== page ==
Following ex-officer's acquittal, Rock Hill NAACP president steps down
Rock Hill’s NAACP Chapter President Dr. Norma Gray has stepped down from her post to focus on social justice initiatives, following Wednesday’s acquittal of former Rock Hill police officer Jonathan Moreno.
The verdict revolves around the racially charged arrest of Travis and Ricky Price, a pair of African-American brothers, following a traffic stop at a city gas station on June 23, 2021. Viral video footage posted to Facebook shows a fast-escalating confrontation between police and the brothers, from which Ricky Price emerged with a bloodied nose and which shows Travis Price taken to the ground by officers.
Ricky Price was charged with drug-related offenses and Travis Price – who had come to the scene while it unfolded – was charged with interfering with police. (Read about the incident here).
The newly formed Rock Hill Citizens’ Review Board (RHCRB), a mix of the city’s community leaders, elected officials, and residents on which Gray serves, reviewed the incident with the Rock Hill Police Department. Charges against Travis Price were soon dropped, but his treatment by police at the scene led to the firing of Moreno, who was then charged with third-degree assault.
On Wednesday, a jury of six – comprised of one Black and five white jurors– acquitted Moreno.
Moreno had testified that he did not know Travis Price was permitted to retrieve items from his brother’s car, and so made an on-the-spot decision, which led to an arrest. Moreno’s attorney, following the verdict, said that the ex-officer was only doing his job when Travis Price showed at the scene.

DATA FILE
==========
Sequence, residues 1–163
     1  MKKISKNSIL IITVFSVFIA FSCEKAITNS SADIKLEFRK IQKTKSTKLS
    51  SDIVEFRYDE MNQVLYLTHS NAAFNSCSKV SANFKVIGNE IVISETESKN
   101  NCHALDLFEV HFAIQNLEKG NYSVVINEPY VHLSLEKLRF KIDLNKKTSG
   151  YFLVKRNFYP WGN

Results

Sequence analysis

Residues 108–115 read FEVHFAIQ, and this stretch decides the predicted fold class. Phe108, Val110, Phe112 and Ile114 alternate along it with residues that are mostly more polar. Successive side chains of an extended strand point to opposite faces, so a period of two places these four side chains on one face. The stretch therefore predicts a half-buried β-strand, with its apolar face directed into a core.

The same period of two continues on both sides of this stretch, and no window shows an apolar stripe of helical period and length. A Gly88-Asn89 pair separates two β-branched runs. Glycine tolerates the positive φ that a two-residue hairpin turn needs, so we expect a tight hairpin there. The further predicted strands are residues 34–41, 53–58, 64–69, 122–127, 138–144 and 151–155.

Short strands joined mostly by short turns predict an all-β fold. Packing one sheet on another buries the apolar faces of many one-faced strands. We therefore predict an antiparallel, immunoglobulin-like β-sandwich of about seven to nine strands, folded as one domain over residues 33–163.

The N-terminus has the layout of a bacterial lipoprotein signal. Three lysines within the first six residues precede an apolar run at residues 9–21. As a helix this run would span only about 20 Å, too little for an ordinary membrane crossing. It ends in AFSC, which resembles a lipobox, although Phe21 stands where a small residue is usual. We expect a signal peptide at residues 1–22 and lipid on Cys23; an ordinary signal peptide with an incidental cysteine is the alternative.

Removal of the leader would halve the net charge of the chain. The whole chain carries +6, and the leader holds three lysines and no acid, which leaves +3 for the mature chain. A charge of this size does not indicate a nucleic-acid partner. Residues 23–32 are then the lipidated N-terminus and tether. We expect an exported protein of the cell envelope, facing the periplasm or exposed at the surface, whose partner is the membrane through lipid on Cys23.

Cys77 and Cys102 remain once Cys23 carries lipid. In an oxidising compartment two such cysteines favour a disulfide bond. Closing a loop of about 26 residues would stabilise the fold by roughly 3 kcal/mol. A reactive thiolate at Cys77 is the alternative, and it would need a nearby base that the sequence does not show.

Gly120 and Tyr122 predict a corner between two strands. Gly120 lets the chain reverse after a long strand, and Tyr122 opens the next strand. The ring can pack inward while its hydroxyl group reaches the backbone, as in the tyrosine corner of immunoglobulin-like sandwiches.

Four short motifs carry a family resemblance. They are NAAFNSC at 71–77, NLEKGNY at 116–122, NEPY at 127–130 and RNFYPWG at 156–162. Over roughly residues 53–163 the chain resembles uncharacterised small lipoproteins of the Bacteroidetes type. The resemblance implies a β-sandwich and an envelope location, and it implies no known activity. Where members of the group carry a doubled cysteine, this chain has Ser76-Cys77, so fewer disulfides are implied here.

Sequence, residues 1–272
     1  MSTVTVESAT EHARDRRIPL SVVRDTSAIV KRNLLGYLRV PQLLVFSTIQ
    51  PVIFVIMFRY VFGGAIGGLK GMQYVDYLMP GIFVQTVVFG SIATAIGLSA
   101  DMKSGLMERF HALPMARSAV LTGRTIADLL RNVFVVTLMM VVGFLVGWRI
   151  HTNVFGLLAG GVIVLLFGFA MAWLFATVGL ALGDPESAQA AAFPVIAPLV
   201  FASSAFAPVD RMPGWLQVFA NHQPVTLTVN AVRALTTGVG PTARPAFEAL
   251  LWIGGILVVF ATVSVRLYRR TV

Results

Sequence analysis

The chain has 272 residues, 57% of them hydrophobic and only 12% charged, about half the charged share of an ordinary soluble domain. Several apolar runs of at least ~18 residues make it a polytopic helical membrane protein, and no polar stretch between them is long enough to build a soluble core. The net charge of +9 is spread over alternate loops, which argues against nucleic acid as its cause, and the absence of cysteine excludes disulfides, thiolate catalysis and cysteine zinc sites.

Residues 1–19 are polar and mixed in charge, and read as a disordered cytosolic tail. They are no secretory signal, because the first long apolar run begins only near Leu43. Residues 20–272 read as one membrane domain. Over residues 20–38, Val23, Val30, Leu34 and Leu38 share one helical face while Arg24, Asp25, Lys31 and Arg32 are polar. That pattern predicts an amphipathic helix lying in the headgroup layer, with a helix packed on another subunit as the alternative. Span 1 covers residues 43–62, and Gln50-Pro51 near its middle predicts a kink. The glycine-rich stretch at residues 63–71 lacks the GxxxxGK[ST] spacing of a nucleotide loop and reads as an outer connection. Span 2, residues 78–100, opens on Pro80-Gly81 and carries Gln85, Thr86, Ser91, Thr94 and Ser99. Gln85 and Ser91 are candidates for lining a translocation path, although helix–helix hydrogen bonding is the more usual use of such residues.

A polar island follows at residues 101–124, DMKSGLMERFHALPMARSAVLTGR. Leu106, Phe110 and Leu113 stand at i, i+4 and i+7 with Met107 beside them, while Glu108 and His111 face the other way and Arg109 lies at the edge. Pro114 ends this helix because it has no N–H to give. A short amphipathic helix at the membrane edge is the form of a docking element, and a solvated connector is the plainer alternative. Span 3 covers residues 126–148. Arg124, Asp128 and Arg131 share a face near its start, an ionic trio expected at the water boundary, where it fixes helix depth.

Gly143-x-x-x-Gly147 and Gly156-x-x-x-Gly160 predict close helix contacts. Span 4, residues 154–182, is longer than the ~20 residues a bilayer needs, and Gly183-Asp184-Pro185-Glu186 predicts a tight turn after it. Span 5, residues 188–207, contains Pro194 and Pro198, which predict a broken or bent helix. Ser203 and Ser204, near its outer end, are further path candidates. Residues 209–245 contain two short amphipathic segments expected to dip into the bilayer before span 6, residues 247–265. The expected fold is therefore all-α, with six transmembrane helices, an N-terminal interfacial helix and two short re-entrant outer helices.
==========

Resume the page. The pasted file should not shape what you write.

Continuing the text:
African-American community leaders decried the jury selection from the outset and were quick to denounce the verdict, without denouncing the judicial process. Attorney Justin Bamberg, who represented Travis Price, said in a statement following the verdict: “While Travis Price is disappointed by this verdict, he respects the jury process. We appreciate the efforts of [Solicitor] Kevin Brackett and the Solicitor’s office but we are concerned about many things that came to light during trial.”
On Wednesday evening, Gray posted a video to Facebook in which she criticized the verdict, while also defending Brackett for his part in the case.
“I respect our judicial system,” Gray said in the video. “But this verdict is not about the law. The verdict was about black and white and blue.”
On Thursday, in a phone interview, Gray said she was disappointed and appalled by the verdict.
“I was hoping that six individuals would be able to determine the facts that were clearly, effectively laid out by … Brackett,” she said, adding that because Moreno had been fired as a police officer over the Travis Price arrest, a guilty verdict should have been obvious.
“Unfortunately, I left [the courtroom] feeling that a Black man could not get justice in Rock Hill, South Carolina,” she said.
Gray said that the incident, its review, and the subsequent trial of the former officer had already spurred her to relinquish her post as Rock Hill’s NAACP president, but that the trial confirmed for her that she can better serve the community as an individual activist than as a representative of the NAACP.
“I recognized … that I can accomplish more as Dr. Norma Gray,” she said.
Gray has launched the Get Clear Social Justice Network, which, among other advocacy, will seek to develop legislation – she’s calling it Travis’ Law – that aims to address the types of charges police officers face when prosecuted.
Gray said that the charge against Moreno – third-degree assault – would have had a better likelihood of sparking a guilty verdict if it had specified use of force, rather than assault. She said that the video of the Price incident shows that Moreno “did not follow the first rule of [the Rock Hill Police Department’s guidelines], which is to de-escalate.” The RHCRB concluded that Moreno had violated that rule, which served as a key factor in his dismissal from the department.
She said Thursday that the Get Clear Social Justice Network is an effort to serve residents regardless of race. A successor to Gray at Rock Hill’s NAACP chapter has not been named.